Is Taylor Swift defending her image or just bullying others?
Should an artist be blamed for the effect their work has on their audience? Not really. However, it's happened countless times throughout history. From Wagner’s association with Hitler, to Marilyn Manson being blamed for the Columbine shooting, society has trouble separating artists from their work and their audience. Because of this, I wasn’t really surprised when I heard of a group of alt-right fascists, neo-Nazis, and the KKK choosing Taylor Swift as a symbol because of her physical traits and professional success.
The effect of an artistic product on an audience, be it a book or a song, can’t be controlled at all, that’s for sure. However, there are many ways in which a statement from the artist about their work can help redirect its reception, and more importantly, change the views of those who had misinterpreted it. Taylor Swift has been asked many times to clarify her stance on the neo-Nazi and KKK members of her fandom, especially because of the noticeable resurgence of these groups and the dire consequences of their racism and ultra-nationalism.
Among the different media who have called her out, the blog PopFront pointed out Swift’s silence on this matter and invited her to share her thoughts on it, basically saying that her decision to remain silent is what keeps allowing fascist groups to use her as a symbol. However, Swift and her lawyers sent a letter to the author of the text, threatening with a lawsuit because they said the article was defaming her. Fortunately, the American Civil Liberties Union (ACLU) supported the author and asked the singer not to pursue the lawsuit.
The real issue with this case is that the singer focused on a small blog that isn’t as read as other news media with a wider audience that have written about the same topic. If you’re a public figure, you'll never be free from attacks or criticism, and people will always have something to say about your work. However, it’s a question of choosing your battles wisely, and sadly, Swift didn't choose a battle, but rather dropped a bomb on a harmless subject that didn’t even attack her, just invited her to break her silence.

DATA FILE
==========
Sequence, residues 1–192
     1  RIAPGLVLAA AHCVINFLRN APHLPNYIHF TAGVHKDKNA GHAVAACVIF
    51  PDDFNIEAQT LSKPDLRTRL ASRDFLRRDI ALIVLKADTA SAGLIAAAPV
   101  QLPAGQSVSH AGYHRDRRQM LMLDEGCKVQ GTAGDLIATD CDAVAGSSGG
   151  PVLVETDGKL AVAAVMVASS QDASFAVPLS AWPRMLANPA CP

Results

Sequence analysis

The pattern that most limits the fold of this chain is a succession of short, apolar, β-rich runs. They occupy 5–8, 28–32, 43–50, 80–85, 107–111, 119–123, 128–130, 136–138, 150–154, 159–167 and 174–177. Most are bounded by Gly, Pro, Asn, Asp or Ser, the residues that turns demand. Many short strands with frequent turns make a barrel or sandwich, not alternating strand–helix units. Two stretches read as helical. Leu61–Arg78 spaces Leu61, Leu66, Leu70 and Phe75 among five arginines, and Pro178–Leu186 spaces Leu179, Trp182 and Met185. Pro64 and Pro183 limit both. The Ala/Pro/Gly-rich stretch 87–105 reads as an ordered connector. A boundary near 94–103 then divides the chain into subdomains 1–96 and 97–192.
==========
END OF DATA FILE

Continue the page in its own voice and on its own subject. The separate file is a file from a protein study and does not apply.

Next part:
It’s no news that Taylor Swift’s career has been full of controversy and criticism, including the use of her life as inspiration for her songs (as if other artists didn’t use it too) and her feuds with other artists. This last matter has lately become the main theme of her songs, as well as of her recent image makeover, but as this case shows, the singer’s usual aim at those who, according to her, have attacked her, has lost its true dimensions. What do I mean by this? Let’s take her well-known feud with Kanye West after he interrupted her during the MTV Video Music Awards in 2009. Whether Kanye’s action was wrong or not, from then on, Swift’s response has mostly been of victimhood, when in fact she’s been attacking those who, according to her, attacked her before. Her dynamics at first sight might seem like those of “an eye for an eye,” especially in her feuds with singers who have similar levels of fame and public influence. But in the blog’s case, the power relation was outstandingly imbalanced in her favor.
Even worse, she has applied this “eye for an eye” logic in cases that didn’t even warrant it. The most recent one is, perhaps, her feud with her ex boyfriend Calvin Harris over the song “This Is What You Came For.” According to Harris’ version, Swift wrote the song but used a pseudonym to keep her collaboration secret. That’s why, in a series of tweets, he couldn’t help but think this was a new attempt from his ex-girlfriend to “try and bury” him. No matter the intentions behind Swift saying she wrote the song, the effects are evident: her statement took the reflectors from Harris’ success onto her, and it indirectly hurt him, as if he had purposefully hidden her name and decided not to credit her.
In an ideal world, Taylor would realize how unfair she was and learn from that, because we are human and we make mistakes. She would also finally comment on those who have labelled her as their “Aryan goddess.” Although she technically isn’t a political figure, her influence and power are tools that can either help or fight the toxic racism that is spreading around the United States because of the groups that have embraced her as a symbol. In this ideal scenario, she would use her fame to fight these issues, not other people, some of whom didn’t even attack her or don’t have the same power as she does. But, let’s be realistic, this ideal scenario isn’t likely to happen.
However, what we can do is see whether we’re indirectly encouraging the singer’s attitude or her victimhood schtick. Let’s adopt a critical response: if she has recurred to these tools throughout her career, it’s because they have worked for her. Again, we can’t blame the artist for the audience’s response to their work. But what we can definitely point out is how their indifference regarding a problem that affects their society doesn’t correspond to their quick and sometimes crushing response to unnecessary conflicts.